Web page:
This Year’s DIFF Has Local Ties to Six Fascinating Dallas Residents | Get Tickets!
This year’s Dallas International Film Festival has quite a few interesting films that have direct ties to local residents. Their stories range from WWII suicide letters to jazz legends. It’s not too late to grab some tickets to enjoy what is shaping up to be one of the best DIFFs so far.
Here’s info on the local inspiration.
LET US DIE (Documentary) will world premiere with the incredible story of an antique desk that contained a collection of old German letters from World War II hidden inside a secret compartment. Years later, the owner, Dallas resident Tim Mallad, had the letters translated to discover they explained how, in the final days of the war, thousands of innocent German families took their own lives in fear of what the conquering Soviets would do to them. (The man and the desk are local)
FINDING SATOSHI (Documentary) has a group of passionate puzzle players trying without success to answer the question, “Who is this man?” with only a photograph and a name. The playful documentary finally solves the 14-year-old mystery, and features Highland Park High School graduate and Dallas native Laura E. Hall. WIRED magazine has a great piece with more of the story behind the film.
Executive produced by local legend herself, Erykah Badu, HARGROVE (Documentary) tells the up-close story of Jazz trumpet legend Roy Hargrove, deemed by his peers as a musical prophet. Following him on an award-winning tour from Los Angeles to Marseille in what would be the last year of his life, the film features interviews and live performances inclusive of musical icons Badu, Herbie Hancock, Mos Def, Robert Glasper, Wynton Marsalis, and Sonny Rollins. Hargrove attended Booker T. Washington High School, which will host the screening on his birthday, Oct. 16.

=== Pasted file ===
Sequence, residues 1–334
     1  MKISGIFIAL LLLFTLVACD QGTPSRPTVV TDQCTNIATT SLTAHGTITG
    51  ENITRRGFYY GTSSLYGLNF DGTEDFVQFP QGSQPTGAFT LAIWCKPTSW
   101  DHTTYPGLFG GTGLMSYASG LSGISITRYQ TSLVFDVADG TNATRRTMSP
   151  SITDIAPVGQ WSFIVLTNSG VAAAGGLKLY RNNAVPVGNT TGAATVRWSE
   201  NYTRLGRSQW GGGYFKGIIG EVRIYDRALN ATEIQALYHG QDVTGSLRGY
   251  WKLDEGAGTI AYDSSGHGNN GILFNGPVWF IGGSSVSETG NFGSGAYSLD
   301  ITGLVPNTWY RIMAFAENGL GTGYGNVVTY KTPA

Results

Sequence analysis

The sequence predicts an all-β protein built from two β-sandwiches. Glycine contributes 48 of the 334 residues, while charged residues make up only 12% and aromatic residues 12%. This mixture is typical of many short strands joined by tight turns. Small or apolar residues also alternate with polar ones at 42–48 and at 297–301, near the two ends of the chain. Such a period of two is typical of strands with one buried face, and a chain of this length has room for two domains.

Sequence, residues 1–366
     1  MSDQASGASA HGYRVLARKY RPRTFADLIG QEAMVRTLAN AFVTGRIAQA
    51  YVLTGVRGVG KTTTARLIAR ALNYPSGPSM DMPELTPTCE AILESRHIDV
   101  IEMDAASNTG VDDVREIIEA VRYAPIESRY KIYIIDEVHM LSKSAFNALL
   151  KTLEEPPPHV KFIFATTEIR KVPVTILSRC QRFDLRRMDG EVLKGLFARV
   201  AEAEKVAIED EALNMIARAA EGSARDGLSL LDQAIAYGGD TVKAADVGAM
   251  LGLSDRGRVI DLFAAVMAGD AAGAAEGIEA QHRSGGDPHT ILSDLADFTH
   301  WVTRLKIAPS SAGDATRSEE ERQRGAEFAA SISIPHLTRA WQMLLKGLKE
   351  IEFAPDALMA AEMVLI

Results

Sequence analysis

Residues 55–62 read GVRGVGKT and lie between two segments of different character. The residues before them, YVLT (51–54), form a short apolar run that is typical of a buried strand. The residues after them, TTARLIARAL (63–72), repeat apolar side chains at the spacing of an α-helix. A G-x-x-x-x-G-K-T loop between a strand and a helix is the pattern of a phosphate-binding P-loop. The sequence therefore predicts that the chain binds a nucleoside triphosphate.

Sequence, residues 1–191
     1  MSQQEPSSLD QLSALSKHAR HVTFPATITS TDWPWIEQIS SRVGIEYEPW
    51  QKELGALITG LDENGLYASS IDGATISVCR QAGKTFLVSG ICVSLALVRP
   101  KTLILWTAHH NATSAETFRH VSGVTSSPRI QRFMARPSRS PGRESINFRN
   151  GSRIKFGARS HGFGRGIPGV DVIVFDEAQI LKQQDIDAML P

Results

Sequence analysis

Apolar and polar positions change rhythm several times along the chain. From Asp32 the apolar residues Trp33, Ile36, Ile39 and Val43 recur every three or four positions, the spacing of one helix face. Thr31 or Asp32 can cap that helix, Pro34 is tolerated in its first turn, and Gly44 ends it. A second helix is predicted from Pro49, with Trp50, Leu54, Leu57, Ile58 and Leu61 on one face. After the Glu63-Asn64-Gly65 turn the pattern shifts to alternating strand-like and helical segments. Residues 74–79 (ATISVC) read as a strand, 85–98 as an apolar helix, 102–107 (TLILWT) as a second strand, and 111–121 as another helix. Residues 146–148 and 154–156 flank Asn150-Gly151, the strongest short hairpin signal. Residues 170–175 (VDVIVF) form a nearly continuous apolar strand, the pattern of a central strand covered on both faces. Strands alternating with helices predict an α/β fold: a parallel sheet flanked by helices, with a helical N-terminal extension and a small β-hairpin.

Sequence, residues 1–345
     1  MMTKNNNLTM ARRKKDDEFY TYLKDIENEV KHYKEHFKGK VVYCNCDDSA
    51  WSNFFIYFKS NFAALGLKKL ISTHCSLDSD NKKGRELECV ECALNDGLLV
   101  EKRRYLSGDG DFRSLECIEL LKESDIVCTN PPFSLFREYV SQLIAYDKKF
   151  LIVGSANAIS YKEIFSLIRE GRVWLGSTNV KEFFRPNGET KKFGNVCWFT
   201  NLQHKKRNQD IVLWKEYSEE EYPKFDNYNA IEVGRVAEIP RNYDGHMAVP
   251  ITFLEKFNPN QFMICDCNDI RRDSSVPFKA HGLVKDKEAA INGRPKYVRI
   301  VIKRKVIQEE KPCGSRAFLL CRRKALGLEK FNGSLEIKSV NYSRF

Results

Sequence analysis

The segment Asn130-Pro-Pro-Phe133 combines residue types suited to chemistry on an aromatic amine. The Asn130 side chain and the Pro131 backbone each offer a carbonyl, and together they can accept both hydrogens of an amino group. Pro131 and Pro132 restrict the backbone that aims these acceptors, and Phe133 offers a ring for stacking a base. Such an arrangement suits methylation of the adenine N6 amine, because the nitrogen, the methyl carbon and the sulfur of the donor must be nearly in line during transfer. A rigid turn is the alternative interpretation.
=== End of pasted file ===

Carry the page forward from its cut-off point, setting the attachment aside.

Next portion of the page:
ALL MAN: THE INTERNATIONAL MALE STORY (Documentary) is a nostalgic and colorful peek behind the pages and personalities of International Male, one of the most ubiquitous and sought-after mail-order catalogs of the 80s and 90s. The movie was written by Dallas’ own Rob Brinkley, Turtle Creek resident and former editor of PaperCity and FD, the style magazine of The Dallas Morning News.
ACIDMAN (Drama/Sci-Fi) stars Dianna Agron as Maggie and Texan Thomas Haden Church as her reclusive father. After a decade apart, the two awkwardly try to get to know one another against the backdrop of his obsession with UFOs and communicating with extraterrestrial beings. Older generations will remember Haden Church from his days as the lovable Lowell from the series WINGS, while younger generations will remember him from last year’s SPIDER-MAN: NO WAY HOME as the Sandman.
FRAME OF MIND (Documentary), KERA’s acclaimed television program hosted by Dallas film legend Bart Weiss, will screen its best independent film and video from Texas-based filmmakers, including FLESH AND BONE, THE BARBER OF MAYDELLE, BIRDS, ZAPATERIA, EL FANTASMA, and NUT CRACKER.